despite these interesting assumptions, Professor Loeb did not specify
what specific objects he was talking about. In his research report, he
notes that there could be “a significant number” of potentially
detectable objects in Earth’s orbit.
To confirm their assumptions,
the team of scientists uses computer simulations and the Vera Rubin
Observatory (Chile) with a high-resolution camera of 3.2 billion pixels.
This will allow for regular observations of the Southern sky and the
possibility of detecting several captured objects about the size of a
It is assumed that these interstellar objects passed through the
boundaries of the solar system and may carry unique information about
other civilizations and their technologies. If we could confirm the
origin of these objects, the mysteries that open before us, this would
be a real breakthrough in space exploration.
expresses hope that the new research will not only help expand our
knowledge of extraterrestrial technologies, but may also lead to the
discovery of new alien civilizations . Answers to such questions can be
of global significance and influence our understanding of the place of
mankind in the Universe.
while there are still many questions and assumptions, the study by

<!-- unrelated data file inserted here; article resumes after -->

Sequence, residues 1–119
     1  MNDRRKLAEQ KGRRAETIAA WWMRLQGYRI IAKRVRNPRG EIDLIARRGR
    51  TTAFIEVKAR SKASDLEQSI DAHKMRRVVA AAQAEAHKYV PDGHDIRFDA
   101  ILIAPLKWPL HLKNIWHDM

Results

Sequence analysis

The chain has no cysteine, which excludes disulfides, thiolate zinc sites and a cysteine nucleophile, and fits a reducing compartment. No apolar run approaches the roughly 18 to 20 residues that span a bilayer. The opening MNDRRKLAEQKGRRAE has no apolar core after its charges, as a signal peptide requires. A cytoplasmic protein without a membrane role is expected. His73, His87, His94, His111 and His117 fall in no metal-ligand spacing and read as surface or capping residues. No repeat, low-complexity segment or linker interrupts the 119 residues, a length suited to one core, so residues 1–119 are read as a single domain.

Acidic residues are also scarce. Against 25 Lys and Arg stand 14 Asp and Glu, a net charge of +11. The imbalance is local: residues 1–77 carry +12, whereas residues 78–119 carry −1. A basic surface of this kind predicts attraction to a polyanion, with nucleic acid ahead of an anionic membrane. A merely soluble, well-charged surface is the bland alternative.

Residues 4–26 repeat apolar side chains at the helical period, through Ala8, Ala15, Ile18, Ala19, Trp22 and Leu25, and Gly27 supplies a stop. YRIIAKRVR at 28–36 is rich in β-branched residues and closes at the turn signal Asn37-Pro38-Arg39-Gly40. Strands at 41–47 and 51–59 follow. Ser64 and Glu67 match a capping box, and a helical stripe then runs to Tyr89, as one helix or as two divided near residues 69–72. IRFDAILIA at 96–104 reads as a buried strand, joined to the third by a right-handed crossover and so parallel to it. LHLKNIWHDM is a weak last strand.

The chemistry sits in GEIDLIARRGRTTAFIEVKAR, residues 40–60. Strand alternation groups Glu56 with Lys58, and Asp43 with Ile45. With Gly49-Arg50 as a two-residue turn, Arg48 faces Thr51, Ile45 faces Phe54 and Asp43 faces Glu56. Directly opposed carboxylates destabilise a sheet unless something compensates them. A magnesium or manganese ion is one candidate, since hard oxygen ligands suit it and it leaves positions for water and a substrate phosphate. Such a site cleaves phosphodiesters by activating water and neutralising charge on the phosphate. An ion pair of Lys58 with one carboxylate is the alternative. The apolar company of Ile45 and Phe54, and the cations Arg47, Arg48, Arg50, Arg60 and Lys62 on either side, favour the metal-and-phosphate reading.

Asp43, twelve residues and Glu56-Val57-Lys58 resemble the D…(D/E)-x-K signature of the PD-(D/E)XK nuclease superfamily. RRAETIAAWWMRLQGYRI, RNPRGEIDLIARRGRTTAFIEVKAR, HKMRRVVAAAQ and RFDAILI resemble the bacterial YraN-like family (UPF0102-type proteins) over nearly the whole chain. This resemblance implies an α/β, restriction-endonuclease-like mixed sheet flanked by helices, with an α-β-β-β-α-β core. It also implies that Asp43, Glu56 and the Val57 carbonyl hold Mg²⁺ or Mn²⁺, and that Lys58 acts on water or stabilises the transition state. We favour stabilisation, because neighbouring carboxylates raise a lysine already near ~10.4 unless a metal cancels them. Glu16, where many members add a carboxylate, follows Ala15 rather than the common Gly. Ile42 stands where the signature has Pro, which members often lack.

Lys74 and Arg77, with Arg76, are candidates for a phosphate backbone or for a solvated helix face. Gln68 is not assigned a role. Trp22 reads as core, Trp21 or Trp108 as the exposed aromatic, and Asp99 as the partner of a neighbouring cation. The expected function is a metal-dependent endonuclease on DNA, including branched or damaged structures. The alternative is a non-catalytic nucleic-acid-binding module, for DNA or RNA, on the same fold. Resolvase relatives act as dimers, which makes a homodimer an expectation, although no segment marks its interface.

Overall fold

Professor Loeb and his team opens a new chapter in space exploration.
Each new discovery can be the key to deciphering the mysteries of the
cosmos and the possibility of encountering alien life forms.
Betelgeuse is acting strange again
Betelgeuse, a red giant on the brink of death, continues to show
unusual behavior. After the Great Blackout, which occurred in late 2019
and early 2020, the star became unusually bright. It is now the seventh
brightest star in the sky, while it normally ranks tenth. This has led
to speculation that Betelgeuse is preparing to explode in a
spectacularly large supernova.
However, scientists believe it’s too early to tell, and it’s likely
that this behavior is due to ongoing fluctuations after the Great
Blackout of 2019, and the star will return to normal within a decade.
Betelgeuse is one of the most interesting stars in the sky. It is
about 700 light-years from Earth and is a red giant in the last stage of
its life. It is also an unusual star for a red giant because it was
previously a monster blue-white O-type star, the most massive class of
Betelgeuse has changed its spectral type because it has almost
exhausted its hydrogen reserves. It now burns helium into carbon and
oxygen and has expanded to a gigantic size: about 764 times the size of
the Sun and about 16.5 to 19 times its mass.
Eventually it will run out of fuel to burn, become a supernova, eject
its outer material, and its core will collapse into a neutron star.
Before the Great Blackout, Betelgeuse also had periodic fluctuations
in brightness. The longest of these cycles is about 5.9 years and the
other is 400 days. But it seems that the Great Blackout caused changes
in these oscillations.
A new paper by astrophysicist Morgan McLeod of the
Harvard-Smithsonian Center for Astrophysics has shown that the 400-day
cycle appears to have been halved. This pulsational cycle is probably
caused by expansion and contraction within the star. According to
simulations carried out by MacLeod and his colleagues, the convective
flow inside Betelgeuse may have risen and become material that separates
from the star.